It is not impossible if the industry players are willing to give extensive cooperation
by AFIQ AZIZ/ pic by RAZAK GHAZALI
THE Education Ministry is confident that Technical and Vocational Education and Training (TVET) institutions will produce 35% of skilled labour next year.
Minister Dr Maszlee Malik (picture) said with the TVET Empowerment Cabinet Committee, TVET institutions were grouped under eight different ministries including the Human Resources Ministry.
He said the committee had also engaged over 40 leading organisations from industry associations and commerce chambers — including the Federation of Malaysian Manufacturers (FMM) and the Malaysian Employers Federation — to formulate the next course of action in developing talents from TVET programmes.
“It is not impossible if the industry players are willing to give extensive cooperation.
“With more than 40 associations attending this dialogue today, I strongly believe that we can achieve that,” he told reporters after launching the National TVET Campaign in Putrajaya yesterday. A dialogue session was held between the government and industry players earlier.
Maszlee said among the main challenges raised in the closed dialogue were the low pay offered in the technical and vocational fields, and public perception and behaviour towards TVET enrolment.
“TVET is not a secondary or alternative path anymore. We want TVET to be one of the primary selections for school leavers.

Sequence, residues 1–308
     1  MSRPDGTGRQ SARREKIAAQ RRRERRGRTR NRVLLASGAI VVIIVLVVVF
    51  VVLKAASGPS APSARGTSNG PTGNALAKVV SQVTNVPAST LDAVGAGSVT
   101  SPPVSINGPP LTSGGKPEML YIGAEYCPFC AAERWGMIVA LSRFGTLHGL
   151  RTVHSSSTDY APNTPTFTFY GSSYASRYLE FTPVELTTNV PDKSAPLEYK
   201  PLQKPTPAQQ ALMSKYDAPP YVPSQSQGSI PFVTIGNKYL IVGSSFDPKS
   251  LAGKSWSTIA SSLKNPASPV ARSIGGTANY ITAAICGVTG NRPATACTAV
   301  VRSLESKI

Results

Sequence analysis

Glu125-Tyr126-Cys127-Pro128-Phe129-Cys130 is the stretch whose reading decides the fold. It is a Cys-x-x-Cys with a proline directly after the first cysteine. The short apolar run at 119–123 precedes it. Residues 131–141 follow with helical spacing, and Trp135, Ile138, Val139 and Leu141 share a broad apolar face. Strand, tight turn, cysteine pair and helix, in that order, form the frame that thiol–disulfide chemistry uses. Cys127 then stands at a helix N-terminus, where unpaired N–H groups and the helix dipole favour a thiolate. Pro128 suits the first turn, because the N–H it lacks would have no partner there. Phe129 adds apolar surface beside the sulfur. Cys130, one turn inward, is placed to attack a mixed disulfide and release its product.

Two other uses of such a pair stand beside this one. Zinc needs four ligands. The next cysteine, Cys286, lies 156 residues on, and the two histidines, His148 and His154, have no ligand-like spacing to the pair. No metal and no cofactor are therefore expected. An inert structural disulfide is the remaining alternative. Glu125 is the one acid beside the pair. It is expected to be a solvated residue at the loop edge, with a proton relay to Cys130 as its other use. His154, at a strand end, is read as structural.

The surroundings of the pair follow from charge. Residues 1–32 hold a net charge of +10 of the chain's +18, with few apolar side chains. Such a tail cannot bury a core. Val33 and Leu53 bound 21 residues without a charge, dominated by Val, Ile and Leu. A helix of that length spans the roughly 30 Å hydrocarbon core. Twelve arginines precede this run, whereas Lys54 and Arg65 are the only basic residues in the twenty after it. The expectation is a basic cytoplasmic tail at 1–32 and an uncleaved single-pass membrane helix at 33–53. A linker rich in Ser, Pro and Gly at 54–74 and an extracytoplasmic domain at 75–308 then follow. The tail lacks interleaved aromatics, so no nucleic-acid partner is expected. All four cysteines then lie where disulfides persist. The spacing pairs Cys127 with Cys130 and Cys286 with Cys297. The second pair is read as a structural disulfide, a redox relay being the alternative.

“Secondly, we want to partner with industry players, to work as a team in developing TVET further,” he said.
FMM president Datuk Soh Thian Lai who is also the committee’s technical chairman said the participation of TVET students in the industry would increase, as the education method moves from “train and place” to “place and train.”
Currently, the number of TVET graduates working in the industry is below 200,000. This, he said will address the low remuneration issue, which is allegedly at the minimum wage line.
“With this formula, 70% of the students’ time will be spent with a company. By the time they graduate, the potential of employment would be much higher as they are already familiar with the company’s values and culture.
“With the previous method, companies may reject the graduates, but now as they are being trained by the industry themselves, these would be the talents they want. We believe this will also increase the remuneration,” Soh said.
Soh added that the idea was one of the seven strategies outlined by the committee after holding meetings among the stakeholders, since its formation in August.
Meanwhile, Human Resources Minister M Kulasegaran said with this progress, the attitude of employers would change.
“It is unfortunate that most of the employers are paying minimum wages. This attitude must be changed because now we are giving a skilled workforce to you,” he said.
The 11th Malaysia Plan sets the target of 60% of jobs requiring technical and vocational skills, where 35% of the total to come from TVET programmes.
Previously, Kulasegaran said with the slow enrolment rate, that target might fail as TVET graduates supplied to the industry only stood at 30% to date.